Saturday, April 1st, 2006
Dear Japan – it’s called WiFi. It’s great. You should look into it. That is all. Another unbelievably fancy hotel last night and again, their idea of internet connectivity is a second phone jack.
More snow greeted us on the morning of our last full day in Japan, but thankfully the weather would only improve from that point on. First stop would be Arashiyama, at the southwest end of Kyoto, and a very brief and brisk rickshaw ride around a few blocks of the town. Then it was a leisurely stroll through some towering bamboo forests to the station for the Sagano sightseeing train, a quaint little engine that trundled through the Hozu River gorge, eventually depositing us in Kameoka City.
The ride would have been a lot more impressive if the cherry blossoms were in full bloom as opposed to full bud – while some of them were finally beginning to emerge, the trees as a whole were still more bare than bloomed. With things finally warming up, I expect they’ll be busting right out within another day or two. On one hand, it’s a shame we’re missing that but on the other hand, with the cherry blossoms come huge crowds so maybe we’re lucky after all.
Then it was back into Kyoto proper for a quick stop and lunch in Maruyama Park, home to the rather imposing Chion-in Temple. There wasn’t time to actually go in but I did get a moment to contemplate the busker in the park singing the theme from “Rawhide”.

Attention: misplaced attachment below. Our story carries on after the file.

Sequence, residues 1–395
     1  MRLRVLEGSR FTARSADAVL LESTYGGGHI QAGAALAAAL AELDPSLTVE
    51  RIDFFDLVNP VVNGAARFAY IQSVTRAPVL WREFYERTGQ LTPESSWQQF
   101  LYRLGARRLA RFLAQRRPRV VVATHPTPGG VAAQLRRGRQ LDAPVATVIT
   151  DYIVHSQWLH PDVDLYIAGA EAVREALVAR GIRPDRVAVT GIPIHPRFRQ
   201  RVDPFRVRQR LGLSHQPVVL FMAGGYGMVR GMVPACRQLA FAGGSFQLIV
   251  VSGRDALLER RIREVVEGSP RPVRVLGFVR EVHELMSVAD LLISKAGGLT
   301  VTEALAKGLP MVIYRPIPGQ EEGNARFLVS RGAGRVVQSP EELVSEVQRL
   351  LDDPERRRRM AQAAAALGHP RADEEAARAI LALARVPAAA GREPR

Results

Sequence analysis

A little ways north was the Path Of Philosophy, a picturesque little pathway along a ravine that was favoured as a site of contemplation for Zen philosopher Nishida Kitaro in the early 1900s. Again, if the cherry blossoms had been in bloom, this would have been stunning. As it was, it was merely pretty. That was another quick stop as our lightning tour of Kyoto continued on to Okazaki Park and the dazzling vermillion structures and broad gravel courtyards of the Heian Shrine. It was a setting tailor made for epic martial arts showdowns but sadly, none were in the offing that day.
The final stop of Kyoto was easily the most dazzling and certainly one of the city’s finest attractions, the towering Kiyomizudera Temple. Dating back to the 17th century and built in honour of the deity Kannon, it sits high up on a hill overtop Kyoto and offers a magnificent view of the city from its observation platforms. I’m told that the massive system of wooden supports that holds the whole thing up is built entirely without nails or fasteners. You have to see this thing. It’s cr-aaaazzzy.
That was it for Kyoto – the rest of the night was spent driving down to Osaka with a pit stop for dinner at a bizarre Korean BBQ/all-you-can-eat buffet.
It occurs to me that without the pictures to accompany the text, these posts are reading like a bit of a laundry list of places around central Honshu. Sorry about that, but my brain was stuck mainly in observe and absorb mode, rather than analyze and critique, which is just as well since I’d look like a bit of a damn fool trying to analyze Japan. I’ll have photos up on Flickr over the next few days.
Tomorrow – Osaka and a wrap up.